Level 1

On Level 1, systems provide operational assistance by decision support or remote assistance. Examples include software that helps localize underground mine vehicles.

Level 2

Level 2 edges into occasional autonomy in certain situations. Here, the automation system takes control in specific circumstances when and as requested by a human operator, for limited periods of time. People are still heavily involved, monitoring the state of operation and specifying the targets for limited control situations.

Level 3

On Level 3, automated systems take control in certain situations. This can also be called “limited autonomy.” People “sign off,” so to speak, confirming proposed solutions or acting as fallbacks. A prerequisite is a complete and automated monitoring of the environment. An example would be autonomous drilling followed by autonomous charging of explosives in an underground mine. In such a setup, the (remote) operator can still be alerted in exceptional situations and can take over or confirm a suggested resolution strategy.
ABB Robot Charger for underground mine (image from EU project SIMS)

Level 4

On Level 4, the system is in full control in certain situations and learns from its past actions, for example, to be able to better predict and resolve issues by itself.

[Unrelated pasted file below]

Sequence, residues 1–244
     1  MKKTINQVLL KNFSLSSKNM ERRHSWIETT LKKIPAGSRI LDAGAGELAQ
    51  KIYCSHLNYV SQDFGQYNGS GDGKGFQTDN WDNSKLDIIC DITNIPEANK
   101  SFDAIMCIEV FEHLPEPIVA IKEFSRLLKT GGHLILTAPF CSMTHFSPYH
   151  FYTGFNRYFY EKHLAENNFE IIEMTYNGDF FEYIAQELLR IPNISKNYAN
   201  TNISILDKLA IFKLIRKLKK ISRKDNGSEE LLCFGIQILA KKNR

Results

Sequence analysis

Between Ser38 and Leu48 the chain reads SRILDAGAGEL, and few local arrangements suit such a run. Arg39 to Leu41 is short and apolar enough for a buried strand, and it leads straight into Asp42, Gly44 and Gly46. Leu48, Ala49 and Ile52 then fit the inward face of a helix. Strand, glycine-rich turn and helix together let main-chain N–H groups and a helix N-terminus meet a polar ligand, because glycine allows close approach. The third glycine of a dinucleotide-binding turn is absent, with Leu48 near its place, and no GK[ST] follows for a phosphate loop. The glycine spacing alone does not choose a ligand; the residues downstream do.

Level 5

At the top level of this taxonomy is Level 5 where full autonomous operation occurs in all situations. No user interaction is required and humans may be completely absent. Today, this is aspirational, but for instance an electric self-driving mining vehicle for full autonomous loading of the ore would carry major advantages of safety and productivity.

Driving the development of increasingly sophisticated autonomous technologies

With deep domain expertise, integrated solutions and the ABB Ability™ digital offering, ABB is driving the development of increasingly sophisticated autonomous technologies. These are intended to change industry by enabling high levels of visibility and control over machines, plants and systems. Able to adapt and even learn in changing situations, new autonomous systems can help improve productivity, energy efficiency and safety.